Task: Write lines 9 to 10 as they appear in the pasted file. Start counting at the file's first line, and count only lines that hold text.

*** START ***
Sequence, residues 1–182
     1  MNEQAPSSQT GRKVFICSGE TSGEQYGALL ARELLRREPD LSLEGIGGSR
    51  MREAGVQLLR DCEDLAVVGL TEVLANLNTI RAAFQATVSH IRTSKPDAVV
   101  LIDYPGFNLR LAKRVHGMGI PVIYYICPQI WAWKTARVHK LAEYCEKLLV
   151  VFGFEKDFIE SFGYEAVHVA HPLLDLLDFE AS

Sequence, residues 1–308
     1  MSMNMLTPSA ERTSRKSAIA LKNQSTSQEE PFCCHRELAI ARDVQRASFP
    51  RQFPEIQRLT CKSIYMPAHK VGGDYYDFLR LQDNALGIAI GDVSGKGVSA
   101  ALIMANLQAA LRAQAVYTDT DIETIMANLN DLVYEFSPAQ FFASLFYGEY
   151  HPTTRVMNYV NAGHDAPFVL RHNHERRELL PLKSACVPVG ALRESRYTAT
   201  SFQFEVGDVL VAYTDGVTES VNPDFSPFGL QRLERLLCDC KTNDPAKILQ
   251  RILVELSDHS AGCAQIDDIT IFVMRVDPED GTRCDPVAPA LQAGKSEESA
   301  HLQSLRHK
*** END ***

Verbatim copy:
   101  ALIMANLQAA LRAQAVYTDT DIETIMANLN DLVYEFSPAQ FFASLFYGEY
   151  HPTTRVMNYV NAGHDAPFVL RHNHERRELL PLKSACVPVG ALRESRYTAT